Book Review: The Weight of Air
Can I just be honest and tell you that I am 20 books behind in my Goodreads goal? I mean, honestly, I don't know who I think I am thinking I'm going to get there. I keep thinking that I'm going to have some crazy weekend where I catch up, but I think we all know the likelihood of that happen is about the same as me winning the lottery. But! I do have some to share with you this week and next, but beyond that... I need to get my poop in a group, folks.
The Weight of Air - David Poses
While his wife and two-year-old daughter watched TV in the living room, David Poses was in the kitchen, measuring the distance from his index finger to his armpit. He needed to be sure he could pull the trigger with a shotgun barrel in his mouth. Twenty-six inches. Thirty-two years old. More than a decade in a double life fueled by depression and heroin.
In his groundbreaking memoir, The Weight of Air, David chronicles his struggle to overcome mental illness and addiction. By age nineteen, he’d been through medical detox, inpatient rehab, twelve-step programs, and a halfway house. He saw his drug use as a symptom of depression, but the experts insisted that addiction was the problem. Over the next thirteen years, he went from one relapse to the next, drowning in guilt, shame, and secrets, until he finally found an evidence-based treatment that not only saved his life, but helped him thrive.
With grit, humor, and brutal honesty, David’s story reveals that traditional recovery models actually increase stigma and the risk of overdose, relapse, and death. As depression and addiction rates skyrocket and overdose fatalities surge, The Weight of Air is a scathing indictment of our failed response to the opioid crisis—and proof that success is possible.
First off, wow. I mean, if I could legitimately leave you with a one word review, that's the word I would choose, and it's not even a great word. I could not put this book down and when I finished it I felt as if I had been holding my breath the entire time and I had to gasp for air. When I tell you this was a good book, it was a really freaking good book.
You know I'm a fan of a good memoir, but you give me a memoir about mental illness and I am here for it. I know next to nothing about addiction or recovery, but listening to people detail their story about either/both and I'm just absolutely fascinated. Drugs and/or alcohol changes your brain in strange ways and changes how it functions, and I always am interested in how it is different for different people. I really got sucked into David's story because his story is presented like a chicken versus the egg story, was it the depression or the addiction that caused the other? Which, I know people in my life who that debate would absolutely apply to, while others it's pretty clear which one came first.
Especially when we live in a time where depression is rampant, we're learning that more people than not struggle with some form of mental illness, though many are either in denial or tell nobody and seek little to no help, it's no wonder people turn to substances that can take them away from that, even if it's only a short while. Also, as someone who has never struggled with substance abuse or addiction, I appreciated the frankness of what living with that is like, but also edging it with humor. It's the perfect balance of getting serious, but not too serious where it feels like you're being lectured. I learned so much about how difficult it actually is to get help and successfully recover, for the long haul, and how it isn't as easy as "just stop doing it". While I clearly know you can't just do that, I think society is conditioned to think if you just go to a few meetings, you'll be fine, but there is so much more than that, not to mention all of the things in your life that become tangled with your addiction. It can mean literally leaving your safety area, and even those of us in the best situations would struggle with that.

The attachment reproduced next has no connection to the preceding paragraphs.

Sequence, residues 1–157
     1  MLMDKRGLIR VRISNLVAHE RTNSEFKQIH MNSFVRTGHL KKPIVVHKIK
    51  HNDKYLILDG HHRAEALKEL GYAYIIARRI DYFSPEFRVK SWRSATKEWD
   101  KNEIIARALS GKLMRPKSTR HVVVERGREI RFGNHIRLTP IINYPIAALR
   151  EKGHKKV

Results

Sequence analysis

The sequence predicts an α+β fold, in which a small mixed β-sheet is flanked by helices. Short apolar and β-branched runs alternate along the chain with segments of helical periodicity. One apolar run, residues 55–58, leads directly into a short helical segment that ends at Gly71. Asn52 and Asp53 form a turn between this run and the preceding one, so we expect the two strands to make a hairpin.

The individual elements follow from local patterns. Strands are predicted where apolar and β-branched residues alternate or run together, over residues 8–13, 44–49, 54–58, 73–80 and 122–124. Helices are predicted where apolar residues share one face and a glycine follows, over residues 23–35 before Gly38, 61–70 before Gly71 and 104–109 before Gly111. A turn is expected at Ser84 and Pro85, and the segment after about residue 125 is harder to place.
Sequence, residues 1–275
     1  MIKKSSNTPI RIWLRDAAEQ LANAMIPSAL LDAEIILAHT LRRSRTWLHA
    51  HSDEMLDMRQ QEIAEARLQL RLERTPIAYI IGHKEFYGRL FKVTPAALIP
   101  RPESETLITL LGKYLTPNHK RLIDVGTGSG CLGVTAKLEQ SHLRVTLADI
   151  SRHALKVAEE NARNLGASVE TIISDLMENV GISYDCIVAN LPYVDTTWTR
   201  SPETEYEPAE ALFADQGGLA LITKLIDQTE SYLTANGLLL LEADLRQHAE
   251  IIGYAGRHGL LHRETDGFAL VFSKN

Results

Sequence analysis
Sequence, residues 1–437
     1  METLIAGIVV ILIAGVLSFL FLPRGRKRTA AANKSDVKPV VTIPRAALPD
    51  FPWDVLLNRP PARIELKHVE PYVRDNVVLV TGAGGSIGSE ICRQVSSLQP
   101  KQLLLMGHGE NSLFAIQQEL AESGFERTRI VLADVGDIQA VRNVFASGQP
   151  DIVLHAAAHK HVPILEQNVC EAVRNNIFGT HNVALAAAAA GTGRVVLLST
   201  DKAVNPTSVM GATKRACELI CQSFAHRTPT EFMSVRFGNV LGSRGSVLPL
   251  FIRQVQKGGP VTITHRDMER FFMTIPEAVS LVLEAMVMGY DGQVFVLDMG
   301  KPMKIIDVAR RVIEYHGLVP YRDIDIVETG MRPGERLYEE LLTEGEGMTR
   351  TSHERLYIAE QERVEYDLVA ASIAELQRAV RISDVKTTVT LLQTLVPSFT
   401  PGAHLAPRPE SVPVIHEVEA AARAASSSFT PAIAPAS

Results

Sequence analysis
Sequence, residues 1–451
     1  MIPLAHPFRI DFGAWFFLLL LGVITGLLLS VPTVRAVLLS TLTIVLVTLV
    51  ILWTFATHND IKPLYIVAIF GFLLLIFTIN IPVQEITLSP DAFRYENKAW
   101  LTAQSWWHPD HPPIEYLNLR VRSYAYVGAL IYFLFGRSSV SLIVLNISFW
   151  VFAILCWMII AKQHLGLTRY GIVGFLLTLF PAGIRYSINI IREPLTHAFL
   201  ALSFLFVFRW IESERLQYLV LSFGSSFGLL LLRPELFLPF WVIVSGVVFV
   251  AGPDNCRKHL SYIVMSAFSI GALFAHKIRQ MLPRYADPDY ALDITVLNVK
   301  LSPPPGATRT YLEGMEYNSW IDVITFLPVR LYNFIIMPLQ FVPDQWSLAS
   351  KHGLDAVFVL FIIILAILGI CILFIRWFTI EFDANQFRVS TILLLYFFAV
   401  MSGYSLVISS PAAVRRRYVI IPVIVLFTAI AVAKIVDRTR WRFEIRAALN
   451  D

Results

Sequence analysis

I struggle with mental health issues and I thank the stars every day that I haven't had to worry about addiction. My biological father is an alcoholic, and probably on some prescription medication that affects his day to day living, so I know genetically, I'm predisposed to addiction. I know it every time I take a prescribed medication that could potentially be addicting. It scares me outright so it's a one and done because I don't know where that road would take me but I'm can bet it wouldn't be good.
I so highly recommend this one if you yourself are in recovery, or even thinking about recovery. If you're teetering on the edge of addiction and you can still step back, this book is for you. If you have a friend or family member struggling, this would be a great read for you to understand the situation they are in. Honestly, given the pandemic and knowing so many are quietly struggling, this feels like a book we all need.
Thank you so much to TLC Book Tours and Sandra Jonas Publishing for sending me a copy for review.This post contains affiliate links.